By Alexandria San Juan
The Civil Service Commission (CSC) told public officials that the government is sincere in implementing the Ease of Doing Business (EODB) law following the filing of first formal charges by the anti-red tape body against erring officials who violated the policy.
“We just want to take this opportunity to remind other government officials and employees that the government is serious in the enforcement of the ease of doing business,” Civil Service commissioner Aileen Lizada said.
Lizada also reminded public offices to make sure that their employees, as well as officials, are complying with the ease of doing business policy to avoid complaints as stricter penalties are being imposed under the law.
According to Lizada, complaints desks on all government offices should not be unmanned and the “No Noontime Policy” should be implemented.
“Review your respective Citizen’s Charter. Huwag ninyo po hintayin na mag-aabot po tayo sa ganito na mayroong kakasuhan na mga empleyado,” the lawyer added.
Lizada also called on all government officials and employees to remain “faithful” to their jobs and their mandate to serve the public well with “professionalism, excellence, and humility.”
“Let us just be faithful to our jobs, let us be consistent whether CSC is watching, whether the ARTA is watching or whether the public is watching [or not]. Let us be consistent and faithful to our mandate let us serve the public well with utmost professionalism, excellence and humility,” she stated.
The commissioner issued the statement after the Anti-Red Tape Authority (ARTA) lodged formal charges against officials of the Land Transportation Franchising and Regulatory Board (LTFRB) and the Registry of Deeds (ROD) on Wednesday due to violations committed under EODB law.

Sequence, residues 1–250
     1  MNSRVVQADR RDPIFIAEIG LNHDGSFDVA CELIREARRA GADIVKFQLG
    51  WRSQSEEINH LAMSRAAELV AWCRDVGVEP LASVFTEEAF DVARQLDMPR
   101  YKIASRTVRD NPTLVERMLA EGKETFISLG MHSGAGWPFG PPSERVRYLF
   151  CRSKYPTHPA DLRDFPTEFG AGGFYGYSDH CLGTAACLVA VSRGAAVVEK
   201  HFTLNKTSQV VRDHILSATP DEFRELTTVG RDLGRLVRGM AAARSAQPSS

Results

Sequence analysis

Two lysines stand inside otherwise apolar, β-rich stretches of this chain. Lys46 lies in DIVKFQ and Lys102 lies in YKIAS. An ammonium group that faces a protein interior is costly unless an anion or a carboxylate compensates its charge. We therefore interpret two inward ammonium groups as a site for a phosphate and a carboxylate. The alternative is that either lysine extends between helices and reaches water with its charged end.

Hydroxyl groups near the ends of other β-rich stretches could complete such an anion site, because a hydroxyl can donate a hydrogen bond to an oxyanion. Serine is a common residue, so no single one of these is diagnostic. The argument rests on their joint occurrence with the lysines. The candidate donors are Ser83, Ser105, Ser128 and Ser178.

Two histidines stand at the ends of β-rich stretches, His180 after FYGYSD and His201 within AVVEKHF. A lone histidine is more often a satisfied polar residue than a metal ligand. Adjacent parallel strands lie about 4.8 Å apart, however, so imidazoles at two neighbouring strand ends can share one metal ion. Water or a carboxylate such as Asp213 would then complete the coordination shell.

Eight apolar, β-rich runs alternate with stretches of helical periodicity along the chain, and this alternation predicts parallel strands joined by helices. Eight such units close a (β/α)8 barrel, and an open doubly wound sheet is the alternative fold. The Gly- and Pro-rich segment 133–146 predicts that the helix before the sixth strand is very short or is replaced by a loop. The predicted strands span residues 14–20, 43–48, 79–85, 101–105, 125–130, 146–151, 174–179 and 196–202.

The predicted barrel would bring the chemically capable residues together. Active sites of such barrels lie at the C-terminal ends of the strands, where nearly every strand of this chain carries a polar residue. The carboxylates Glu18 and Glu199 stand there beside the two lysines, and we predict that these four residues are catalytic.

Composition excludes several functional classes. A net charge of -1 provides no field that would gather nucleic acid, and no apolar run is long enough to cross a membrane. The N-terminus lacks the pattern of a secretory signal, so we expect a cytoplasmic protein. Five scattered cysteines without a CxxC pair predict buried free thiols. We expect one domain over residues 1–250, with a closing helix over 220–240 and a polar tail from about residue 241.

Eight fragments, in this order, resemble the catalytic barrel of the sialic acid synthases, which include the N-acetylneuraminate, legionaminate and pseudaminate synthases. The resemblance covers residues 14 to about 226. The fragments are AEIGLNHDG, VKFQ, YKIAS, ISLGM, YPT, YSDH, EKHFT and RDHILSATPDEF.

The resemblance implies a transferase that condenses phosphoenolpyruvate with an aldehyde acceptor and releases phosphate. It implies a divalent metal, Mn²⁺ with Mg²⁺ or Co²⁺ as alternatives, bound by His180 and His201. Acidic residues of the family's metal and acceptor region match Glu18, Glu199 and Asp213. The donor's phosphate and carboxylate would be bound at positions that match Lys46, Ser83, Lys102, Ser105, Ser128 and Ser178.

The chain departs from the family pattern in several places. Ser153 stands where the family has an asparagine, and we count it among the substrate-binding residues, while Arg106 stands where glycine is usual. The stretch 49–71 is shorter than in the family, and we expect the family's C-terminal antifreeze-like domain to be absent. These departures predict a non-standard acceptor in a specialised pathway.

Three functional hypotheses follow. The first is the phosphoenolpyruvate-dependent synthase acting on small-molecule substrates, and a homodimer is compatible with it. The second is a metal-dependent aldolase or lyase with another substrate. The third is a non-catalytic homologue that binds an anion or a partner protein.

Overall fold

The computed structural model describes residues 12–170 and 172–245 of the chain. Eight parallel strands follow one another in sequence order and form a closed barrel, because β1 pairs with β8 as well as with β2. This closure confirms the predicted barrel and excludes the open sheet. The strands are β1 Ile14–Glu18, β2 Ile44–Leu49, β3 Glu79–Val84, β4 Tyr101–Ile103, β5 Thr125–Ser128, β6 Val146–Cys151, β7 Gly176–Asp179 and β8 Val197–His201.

ARTA director general Jeremiah Belgica said the violations were confirmed through a series of meetings and spot-checks on both LTFRB and ROD after receiving mounting complaints from the public against the said agencies.
Some of these violations include the imposition of additional requirements other than those listed in the Citizen’s Charter; failure to render government services within the prescribed processing time on any application or request without due cause; and failure to attend to applicants or requesting parties who are within the premises of the office or agency concerned prior to the end of official working hours and during lunch break.
“The law gives ARTA more teeth in pursuing anti-red tape cases as it introduces stricter rules such as the two strike policy, which spells out penalties warranted for the first and second violation of the law,” the ARTA said in an earlier statement.
First time violators will be penalized with administrative liability with six months suspension.
While penalties for second offense are administrative liability and criminal liability of dismissal from the service, perpetual disqualification from holding public office, forfeiture of retirement benefits and imprisonment of one year to six years with a fine of not less than P500,000 but not more than P2 million.
The LTFRB has yet to comment on the issue.